Date published: 2018-06-04
Rated 5 out of 5 by from NOVICE Not knowing what I was really doing planted seeds 1st year got a whopper of a crop of the most beautiful full fat ears 3-4 ears per stock. Second year was just as wonderful for half the crop, the other half was destroyed by a wind storm before pollination.
Date published: 2018-03-03
Rated 5 out of 5 by from better than I expected I'm fairly new to growing corn (3rd year) so still learning my craft. I grew Kandy Korn successfully two years ago, but failed to get a good harvest last year with Peaches and Cream. I read the description and reviews for Maple Sugar Corn and wanted to give it a try. Overall, I've been very happy with my harvest and would recommend this variety of corn highly. I planted the seeds in early to mid May and will finish my harvesting within the next day or two (mid July).I was impressed with the germination rate (>80%). I was pleasantly surprised to get two ears of corn per stalk on 90% of my plants. Because of my larger than expected harvest, I've got lots of corn stored in the freezer for enjoying during the winter. I'm curious to see how well this variety of corn freezes. I did get a few ears (about 5) infected with corn smut that I tossed but that amount was negligible. Would definitely grow this variety of corn again!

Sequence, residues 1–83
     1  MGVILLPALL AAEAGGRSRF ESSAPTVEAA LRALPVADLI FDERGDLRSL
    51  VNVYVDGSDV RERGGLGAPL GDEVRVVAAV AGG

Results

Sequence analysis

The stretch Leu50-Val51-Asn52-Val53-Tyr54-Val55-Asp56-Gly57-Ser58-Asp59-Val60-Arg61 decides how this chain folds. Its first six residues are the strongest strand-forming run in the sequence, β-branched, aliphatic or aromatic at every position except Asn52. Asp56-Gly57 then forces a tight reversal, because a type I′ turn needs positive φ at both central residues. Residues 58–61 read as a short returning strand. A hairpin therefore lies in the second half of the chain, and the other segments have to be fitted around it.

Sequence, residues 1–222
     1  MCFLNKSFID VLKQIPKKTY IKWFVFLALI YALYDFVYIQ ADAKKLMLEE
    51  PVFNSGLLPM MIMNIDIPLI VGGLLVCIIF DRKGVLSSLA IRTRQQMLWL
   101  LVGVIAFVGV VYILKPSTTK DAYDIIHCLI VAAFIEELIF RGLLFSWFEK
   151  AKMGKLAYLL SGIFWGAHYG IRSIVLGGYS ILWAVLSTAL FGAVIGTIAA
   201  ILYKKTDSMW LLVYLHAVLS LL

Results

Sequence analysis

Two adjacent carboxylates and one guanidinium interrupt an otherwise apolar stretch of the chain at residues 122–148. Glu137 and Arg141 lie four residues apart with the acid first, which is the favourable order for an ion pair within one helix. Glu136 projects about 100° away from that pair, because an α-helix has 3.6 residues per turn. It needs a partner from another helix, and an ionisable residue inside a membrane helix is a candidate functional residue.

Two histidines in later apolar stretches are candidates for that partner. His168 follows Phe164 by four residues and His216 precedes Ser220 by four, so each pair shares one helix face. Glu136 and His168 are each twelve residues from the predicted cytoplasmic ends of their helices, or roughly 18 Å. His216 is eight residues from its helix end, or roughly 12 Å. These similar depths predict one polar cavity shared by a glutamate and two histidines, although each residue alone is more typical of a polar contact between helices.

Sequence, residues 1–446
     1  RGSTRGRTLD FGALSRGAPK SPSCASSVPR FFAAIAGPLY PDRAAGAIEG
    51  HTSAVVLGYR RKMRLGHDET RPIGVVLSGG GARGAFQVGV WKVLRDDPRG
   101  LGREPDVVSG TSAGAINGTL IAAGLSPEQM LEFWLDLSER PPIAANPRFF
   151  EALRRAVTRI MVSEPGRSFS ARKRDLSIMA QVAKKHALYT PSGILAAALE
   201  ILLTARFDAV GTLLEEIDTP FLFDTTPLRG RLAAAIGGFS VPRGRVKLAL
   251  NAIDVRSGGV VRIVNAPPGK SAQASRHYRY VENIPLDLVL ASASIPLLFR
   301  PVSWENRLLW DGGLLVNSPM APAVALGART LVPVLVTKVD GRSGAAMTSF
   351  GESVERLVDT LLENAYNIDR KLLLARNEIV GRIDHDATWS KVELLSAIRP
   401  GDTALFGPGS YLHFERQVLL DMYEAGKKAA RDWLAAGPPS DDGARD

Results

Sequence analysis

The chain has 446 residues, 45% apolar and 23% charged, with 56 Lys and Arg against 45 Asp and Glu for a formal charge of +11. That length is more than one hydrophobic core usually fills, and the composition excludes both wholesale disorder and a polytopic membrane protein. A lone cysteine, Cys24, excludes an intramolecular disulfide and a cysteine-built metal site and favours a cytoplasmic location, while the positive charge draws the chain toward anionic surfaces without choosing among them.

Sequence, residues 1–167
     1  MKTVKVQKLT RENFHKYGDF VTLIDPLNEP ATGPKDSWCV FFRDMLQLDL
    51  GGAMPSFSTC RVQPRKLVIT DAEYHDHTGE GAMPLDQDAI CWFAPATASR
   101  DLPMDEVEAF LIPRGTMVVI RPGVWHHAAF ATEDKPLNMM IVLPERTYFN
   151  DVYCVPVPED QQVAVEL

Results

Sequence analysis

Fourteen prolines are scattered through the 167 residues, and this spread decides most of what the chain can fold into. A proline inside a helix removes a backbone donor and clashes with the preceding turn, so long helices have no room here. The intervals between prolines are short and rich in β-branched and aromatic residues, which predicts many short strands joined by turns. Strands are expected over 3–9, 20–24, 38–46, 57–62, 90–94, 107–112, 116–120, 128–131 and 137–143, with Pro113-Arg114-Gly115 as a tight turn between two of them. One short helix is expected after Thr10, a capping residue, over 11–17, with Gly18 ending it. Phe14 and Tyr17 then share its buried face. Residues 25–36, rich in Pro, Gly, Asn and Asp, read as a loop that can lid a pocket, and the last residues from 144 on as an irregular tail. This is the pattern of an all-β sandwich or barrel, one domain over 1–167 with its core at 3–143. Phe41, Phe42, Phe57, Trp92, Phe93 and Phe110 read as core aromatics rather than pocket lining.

Date published: 2017-07-15
Rated 1 out of 5 by from 1% germination Very difficult to grow - I'm in MI, so I waited until Memorial weekend to plant (probably could have done so sooner). After 3 weeks, 1 plant out of 100 seeds sprouted. Very irritated, as I hadn't planted another variety, so now I'm starting over mid June. Purchase some bi-color from a local seed store, I had 85% germination after 1 week.
Date published: 2017-06-19
Rated 5 out of 5 by from Fantastic I've been growing this corn for several years now. I think it's the best variety out there and is fantastic eaten raw out in the garden. I have introduced friends and neighbors to this treat. So many people who think corn has to be cooked change their minds after tasting Maple Sugar.
Date published: 2016-09-21
Rated 4 out of 5 by from Supersweet Love this variety ... have had it for four years. But this year, out of the entire pack that was seeded, only 5 plants germinated. Everything else in the garden thrived. Sadly disappointed.
Date published: 2016-09-15
Rated 3 out of 5 by from Challenging to grow I didn't get good germination with these with a soil temp of 65 degrees. I still had over half the pack left so I put them in a Baggie with a moist paper towel and put it in a warm spot in my house. Within 2 days about 80% had sprouted so I knew I had good seed. I planted the sprouted seeds and very few of those took. Now two months later, most of the stalks are just past my knees. There are a couple taller ones that are getting tassels. I will be surprised if I get one cob out of my planting. I don't think this is a bad variety of corn, I just think you need to have different growing conditions than what we have here in Minnesota. I wouldn't recommend this corn to a Northern gardener, but I'm guessing if you're down South you will have better luck with it.
Date published: 2016-07-31